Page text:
wood permanently under water

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On Wed, 24 Feb 2010 14:17:13 -0000, the infamous "john hamilton"

Try MDF, John. It won't take a month to break down like pine will. It'll dissolve within minutes, hours at the most!
-- "Politics is the art of looking for trouble, finding it whether it exists or not, diagnosing it incorrectly, and applying the wrong remedy." -- Ernest Benn
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Why do you need to lift it out?
D.
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wrote:

======================================================================== Many thanks to all. I want to lift it out to clean the gravel which gets a kind of dark green algea growing on it after six months or so.
Salty Dog when you say my local store should fix me up did you mean B & Q or Homebase ?
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On Wed, 24 Feb 2010 21:22:56 +0000, john hamilton wrote:
========>

Go to the pet store and get Algae Destroyer Advanced. It's a lot simpler solution than a tray.
Also read up on algae. Normal causes are overfeeding the fish or too much light or overstocking. If you have enough live plants in the aquarium, they'll out compete the algae and use up a lot of the fish waste as fertilizer.
There's a lot of info on the web on keeping an aquarium.
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On Wed, 24 Feb 2010 21:22:56 -0000, "john hamilton"

??? I didn't say anything like that.
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wrote:

Sorry. It was RonB who said it in the post before your, and being included in your posting I thought it was you. Sorry my mistake.
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Why not use a vacuum siphon? We vacuum our gravel as part of the weekly water changes and haven't had any buildup at all.
D.
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On Wed, 24 Feb 2010 23:59:21 +0000, Derek Lyons wrote:

Vacuuming may clean out a lot of the waste, but other than slowing the growth it won't do anything for algae.
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And every critter that is supposed to be an algae eater would rather eat meat. :(
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So what is stopping algae growth in my gravel? Four years now and zero algae buildup with the only cleaning the gravel gets being its weekly vacuum siphoning. Whatever it is, I wish it would keep algae off the walls.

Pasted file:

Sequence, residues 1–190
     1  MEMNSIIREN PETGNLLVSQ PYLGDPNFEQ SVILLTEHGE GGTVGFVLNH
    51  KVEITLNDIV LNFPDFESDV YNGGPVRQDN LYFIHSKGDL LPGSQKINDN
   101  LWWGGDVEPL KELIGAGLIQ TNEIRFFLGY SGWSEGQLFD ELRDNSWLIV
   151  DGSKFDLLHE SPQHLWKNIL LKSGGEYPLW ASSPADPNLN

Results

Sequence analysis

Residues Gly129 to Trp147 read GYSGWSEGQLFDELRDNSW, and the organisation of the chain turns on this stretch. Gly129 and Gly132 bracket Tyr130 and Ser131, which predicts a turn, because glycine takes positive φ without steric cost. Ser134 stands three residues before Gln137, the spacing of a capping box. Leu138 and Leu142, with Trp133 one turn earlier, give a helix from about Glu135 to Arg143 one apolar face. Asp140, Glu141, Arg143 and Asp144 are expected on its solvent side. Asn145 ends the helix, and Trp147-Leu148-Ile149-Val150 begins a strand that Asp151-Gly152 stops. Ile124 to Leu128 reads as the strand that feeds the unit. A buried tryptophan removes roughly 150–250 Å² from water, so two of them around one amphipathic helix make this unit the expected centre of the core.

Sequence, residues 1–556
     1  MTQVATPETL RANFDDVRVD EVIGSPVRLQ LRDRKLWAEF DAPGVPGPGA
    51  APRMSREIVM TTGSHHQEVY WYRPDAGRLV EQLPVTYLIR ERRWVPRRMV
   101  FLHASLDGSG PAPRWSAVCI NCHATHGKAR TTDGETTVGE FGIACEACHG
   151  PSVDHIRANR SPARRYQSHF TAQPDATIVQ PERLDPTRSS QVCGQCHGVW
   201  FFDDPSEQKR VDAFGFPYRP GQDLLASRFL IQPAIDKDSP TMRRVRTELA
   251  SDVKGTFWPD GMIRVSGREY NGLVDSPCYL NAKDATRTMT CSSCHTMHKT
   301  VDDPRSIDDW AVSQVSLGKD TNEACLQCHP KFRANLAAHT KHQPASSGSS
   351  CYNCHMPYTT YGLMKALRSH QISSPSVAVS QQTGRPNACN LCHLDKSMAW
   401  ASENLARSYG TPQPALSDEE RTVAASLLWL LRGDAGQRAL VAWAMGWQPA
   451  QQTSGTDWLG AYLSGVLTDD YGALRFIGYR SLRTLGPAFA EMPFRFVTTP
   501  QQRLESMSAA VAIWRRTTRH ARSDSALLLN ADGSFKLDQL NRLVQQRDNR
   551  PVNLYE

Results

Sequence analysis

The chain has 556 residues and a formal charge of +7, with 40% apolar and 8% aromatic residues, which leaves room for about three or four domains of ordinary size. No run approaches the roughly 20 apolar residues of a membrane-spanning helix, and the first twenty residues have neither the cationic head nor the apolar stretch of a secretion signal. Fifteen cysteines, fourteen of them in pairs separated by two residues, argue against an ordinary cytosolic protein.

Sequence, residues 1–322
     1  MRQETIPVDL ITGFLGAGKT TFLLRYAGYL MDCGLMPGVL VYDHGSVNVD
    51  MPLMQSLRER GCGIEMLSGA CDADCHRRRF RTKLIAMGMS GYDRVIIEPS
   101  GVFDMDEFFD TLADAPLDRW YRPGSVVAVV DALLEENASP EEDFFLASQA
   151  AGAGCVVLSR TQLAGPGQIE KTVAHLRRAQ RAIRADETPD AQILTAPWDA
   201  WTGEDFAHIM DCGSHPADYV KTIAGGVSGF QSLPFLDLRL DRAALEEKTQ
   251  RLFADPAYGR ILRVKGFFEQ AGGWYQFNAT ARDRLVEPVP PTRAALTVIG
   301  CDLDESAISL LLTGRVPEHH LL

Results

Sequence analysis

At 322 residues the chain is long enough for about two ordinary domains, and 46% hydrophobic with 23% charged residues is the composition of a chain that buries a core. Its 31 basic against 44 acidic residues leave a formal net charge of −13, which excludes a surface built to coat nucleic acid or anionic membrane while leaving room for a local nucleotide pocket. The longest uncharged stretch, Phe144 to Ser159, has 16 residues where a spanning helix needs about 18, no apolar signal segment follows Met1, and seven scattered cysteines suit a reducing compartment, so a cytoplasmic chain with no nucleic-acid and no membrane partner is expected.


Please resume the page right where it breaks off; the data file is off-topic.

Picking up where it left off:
D.
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On Thu, 25 Feb 2010 05:42:58 +0000, Derek Lyons wrote:

You know how many different types of algae there are? Hundreds!
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Which is essentially irrelevant when the question is "why isn't algae building up?".
D.
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"john hamilton" wrote:

------------------------------------------ Not a good application for wood.
Glue can be a PITA.
Use plastic strips held in place with brass/bronze fasteners available at any decent hardware store or marine chandlery.
Lew
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I forgot to mention one thing in my previous post. Never, never, *never*, believe anything they tell you at the pet store, especially if it's a chain. There are a few exceptions to this rule, but they are very rare.
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John,
I think they already make such an aquarium piece. My tank has a plastic base that is about 1/2" tall. The gravel sits on it just fine. It is two piece that allow it to be place in and removed. The back has tubes to help circulate the air in the water.
Mike in Ohio
john hamilton wrote:

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Are you describing an under-gravel filter? It sure sounds like it. The tubes in the back are not "to circulate air in the water". They're designed to pull water up through the tube along with the rising air bubbles. this pulls water (and junk) down through the gravel where it biodegrades. those plates (usually) aren't durable enough to be lifted with gravel sitting on top of them.
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On Thu, 25 Feb 2010 00:32:02 +0000, Joe wrote:

The blind leading the blind. This is a woodworking group, so I won't post anymore on the subject, but I think you both need some basic fishkeeping education like that given at:
http://www.fishlore.com/Beginners.htm
Joe, you need to at least read this article on undergravel filters:
http://www.bestfish.com/ug.html
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Wood shouldn't be a complete disaster, since boats and whiskey barrels are made from the stuff, and are meant to stay submerged continuously, for years at a stretch. Sanitizing would be the only conceivable problem. Couldn't you frame out the tray with yellow, drinking water grade CPVC pipe?
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"Father Haskell" wrote:
------------------------------------- Wood shouldn't be a complete disaster, since boats and whiskey barrels are made from the stuff, and are meant to stay submerged continuously, for years at a stretch. ------------------------------------------ Wood and fresh water are a problem unless totally submerged and deprived of oxygen.
Wooden boats typically throw salt in the bilge to convert any rain or other fresh water found there into salt water.
Wood and salt water coexist quite nicely.
Lew
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Sounds like they pickle it.
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